After years of putting it off, famed Native chef Loretta Barrett Oden is finally out with a cookbook. She credits Minnesota food writer and co-author Beth Dooley for pinning her down.
“The University of Oklahoma press had been chasing Loretta for years trying to get a cookbook out of her and she’s been too busy,” Dooley recalled. “So I said, ‘Well, I’m not too busy. I can chase her and get her to sit down and write this thing’. And that's what we did.”
The strategy worked. “Corn Dance: Inspired First American Cuisine” is out now. Oden learned the recipes and knowledge of Potawatomi cooking on her mother’s side of the family from her grandmother and aunts.
“All of the recipes and the knowledge that I’ve gleaned have really come down through generations and generations of women,” said Oden. “And that’s my passion is to finally get all of this information — or as much as I can — into print and out to a larger audience.”
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On her father’s side, she’s a Mayflower descendant. She says growing up in these two worlds sparked a curiosity to create a hybrid of Native cuisine. This fusion is what characterizes the recipes in Corn Dance.
To hear the full interview with Barrett Oden and Dooley, click play on the audio player above. A recipe from the cookbook is also below.
Three Sisters and Friends Salad
1/2 cup dried heirloom beans, soaked overnight, or 1 (15-ounce) can black beans, drained and rinsed
1/2 cup quinoa (a mix of red, black, and white or all one color)
1/2 cup hand-harvested wild rice
1/2 cup lightly grilled or roasted corn kernels (see note)
1/2 cup diced tender, small zucchini or summer squash, unpeeled
1/2 cup cherry tomatoes, halved
3 tablespoons chopped cilantro
1 tablespoon minced red onion
1 clove garlic, minced
1/2 teaspoon serrano chili, seeded, deveined, and minced
1/4 teaspoon sea salt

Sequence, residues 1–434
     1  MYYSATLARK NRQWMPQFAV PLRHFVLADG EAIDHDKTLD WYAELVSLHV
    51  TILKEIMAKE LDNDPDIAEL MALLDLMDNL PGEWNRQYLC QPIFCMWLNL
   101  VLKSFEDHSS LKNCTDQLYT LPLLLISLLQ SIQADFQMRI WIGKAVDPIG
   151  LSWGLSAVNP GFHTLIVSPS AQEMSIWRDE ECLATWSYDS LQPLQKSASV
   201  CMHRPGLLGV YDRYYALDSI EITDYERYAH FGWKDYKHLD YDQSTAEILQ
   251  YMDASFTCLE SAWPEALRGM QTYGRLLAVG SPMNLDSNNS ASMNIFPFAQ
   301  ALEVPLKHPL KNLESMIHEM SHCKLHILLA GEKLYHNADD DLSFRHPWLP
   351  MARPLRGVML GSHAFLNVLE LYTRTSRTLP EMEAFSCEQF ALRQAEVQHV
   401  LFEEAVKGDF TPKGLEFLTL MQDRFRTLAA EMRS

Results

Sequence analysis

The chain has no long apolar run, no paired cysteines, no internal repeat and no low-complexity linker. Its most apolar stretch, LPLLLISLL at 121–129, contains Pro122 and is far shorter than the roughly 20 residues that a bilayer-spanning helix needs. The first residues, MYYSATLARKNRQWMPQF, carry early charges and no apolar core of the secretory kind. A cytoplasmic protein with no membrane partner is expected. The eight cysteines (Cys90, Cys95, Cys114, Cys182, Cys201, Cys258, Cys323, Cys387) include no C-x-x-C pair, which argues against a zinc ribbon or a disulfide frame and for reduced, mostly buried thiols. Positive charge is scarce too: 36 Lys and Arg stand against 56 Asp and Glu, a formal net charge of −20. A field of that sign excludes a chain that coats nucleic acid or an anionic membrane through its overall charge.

Note: To roast corn kernels, film a skillet with a little oil, and set it over medium-high heat. Add the corn kernels, and sauté until they’re nicely browned, about 5 to 10 minutes. Remove and cool before adding the roasted corn to the batter. You can also grill a whole ear of corn over an open fire until it’s lightly toasted. Remove the corn and, when cool, cut the kernels from the cob.
1 clove garlic, minced
1/4 teaspoon red pepper flakes
1/4 teaspoon ground coriander
1/8 teaspoon sea salt
1/2 cup extra-virgin olive oil
1/4 cup seasoned rice vinegar
1 teaspoon fresh lime juice
In a small bowl, whisk together the ingredients for the vinaigrette.
Drain the beans, and transfer them to a large saucepan. Add enough water to cover the beans by 4 inches.
Set the saucepan over high heat, and bring the water to a boil. Reduce the heat, and simmer the beans, covered, until they’re tender, about 35 to 45 minutes (older beans may need to cook longer). Drain the beans.
Rinse the quinoa thoroughly. Bring 2 cups of water to a boil, and add the quinoa. Reduce the heat, cover, and simmer on medium-low until the quinoa’s germ, or tail, appears, about 12 to 15 minutes.
Remove the pot from the heat, drain any remaining water from the quinoa, and fluff it with a fork.
Rinse the wild rice under cold running water until it runs clear. Transfer it to a pot, and add enough water to cover the rice by 4 inches.
Set the pot over high heat, and bring the water to a boil. Reduce the heat, and simmer until the rice opens and is tender, about 20 to 25 minutes. Drain off any excess water.